I've read the book far too quickly to give an adequate introduction so I'll just post his overview of one of my favouriate chapters: "Biblical Ontology and Ecclesiology" (doesn't that title just send a shiver down your spine?).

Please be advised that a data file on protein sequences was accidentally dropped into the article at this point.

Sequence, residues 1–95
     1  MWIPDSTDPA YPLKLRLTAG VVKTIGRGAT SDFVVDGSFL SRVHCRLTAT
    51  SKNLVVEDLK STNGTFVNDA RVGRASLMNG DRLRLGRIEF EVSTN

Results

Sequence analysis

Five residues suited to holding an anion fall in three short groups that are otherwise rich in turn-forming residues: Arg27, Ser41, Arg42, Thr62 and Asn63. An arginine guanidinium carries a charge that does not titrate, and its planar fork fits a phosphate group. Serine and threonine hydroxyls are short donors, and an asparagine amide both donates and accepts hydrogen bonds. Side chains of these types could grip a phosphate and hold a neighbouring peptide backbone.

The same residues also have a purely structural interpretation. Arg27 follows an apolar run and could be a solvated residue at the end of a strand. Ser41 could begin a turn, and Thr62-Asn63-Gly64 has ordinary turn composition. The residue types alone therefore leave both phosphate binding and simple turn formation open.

These apostolic and prophetic attitudes toward time become the central concern in the fourth chapter, where I analyze the challenges presented to the historian by specific texts in the book of Revelation. The category of history does not appear in these texts and it becomes quite misleading when the texts are forced into conformity to the modern category. By contrast the category of the heavens, so absent from modern historical discussion, is assumed to be the ultimate reality. Historians are primarily concerned with placing all events within earthly time and the temporal process; biblical writers are essentially concerned with the eternal purposes and time-transcending activity of the creator of the heavens and the earth. Moreover, in sharp contrast to modern thought, which tends to reduce the heavens and the earth to spatial measurement, biblical writers assume the basic and continual interpenetration of the two realms, with the heavens providing the creative source, the daily sustenance, and the final goal of everything earthly. Because the categories of space and time are no longer of use in measuring heavenly realities, biblical thought makes dubious the modern scholar's reliance on those categories (23).